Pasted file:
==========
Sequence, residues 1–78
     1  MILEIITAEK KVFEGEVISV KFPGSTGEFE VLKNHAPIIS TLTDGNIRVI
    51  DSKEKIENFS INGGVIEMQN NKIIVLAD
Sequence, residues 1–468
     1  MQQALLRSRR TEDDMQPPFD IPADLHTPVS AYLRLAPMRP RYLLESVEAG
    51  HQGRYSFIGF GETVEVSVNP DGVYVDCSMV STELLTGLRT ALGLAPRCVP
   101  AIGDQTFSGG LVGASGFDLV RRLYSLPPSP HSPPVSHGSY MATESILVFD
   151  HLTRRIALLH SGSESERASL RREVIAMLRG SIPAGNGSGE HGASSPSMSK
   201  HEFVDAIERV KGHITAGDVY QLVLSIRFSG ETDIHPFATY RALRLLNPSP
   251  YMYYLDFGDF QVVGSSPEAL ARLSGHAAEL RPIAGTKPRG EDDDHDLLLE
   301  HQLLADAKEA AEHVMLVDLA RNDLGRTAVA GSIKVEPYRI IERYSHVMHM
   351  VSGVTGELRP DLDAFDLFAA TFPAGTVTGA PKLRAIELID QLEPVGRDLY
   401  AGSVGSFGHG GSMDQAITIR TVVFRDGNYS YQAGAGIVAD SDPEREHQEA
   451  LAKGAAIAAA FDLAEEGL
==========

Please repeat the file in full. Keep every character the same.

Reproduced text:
Sequence, residues 1–78
     1  MILEIITAEK KVFEGEVISV KFPGSTGEFE VLKNHAPIIS TLTDGNIRVI
    51  DSKEKIENFS INGGVIEMQN NKIIVLAD
Sequence, residues 1–468
     1  MQQALLRSRR TEDDMQPPFD IPADLHTPVS AYLRLAPMRP RYLLESVEAG
    51  HQGRYSFIGF GETVEVSVNP DGVYVDCSMV STELLTGLRT ALGLAPRCVP
   101  AIGDQTFSGG LVGASGFDLV RRLYSLPPSP HSPPVSHGSY MATESILVFD
   151  HLTRRIALLH SGSESERASL RREVIAMLRG SIPAGNGSGE HGASSPSMSK
   201  HEFVDAIERV KGHITAGDVY QLVLSIRFSG ETDIHPFATY RALRLLNPSP
   251  YMYYLDFGDF QVVGSSPEAL ARLSGHAAEL RPIAGTKPRG EDDDHDLLLE
   301  HQLLADAKEA AEHVMLVDLA RNDLGRTAVA GSIKVEPYRI IERYSHVMHM
   351  VSGVTGELRP DLDAFDLFAA TFPAGTVTGA PKLRAIELID QLEPVGRDLY
   401  AGSVGSFGHG GSMDQAITIR TVVFRDGNYS YQAGAGIVAD SDPEREHQEA
   451  LAKGAAIAAA FDLAEEGL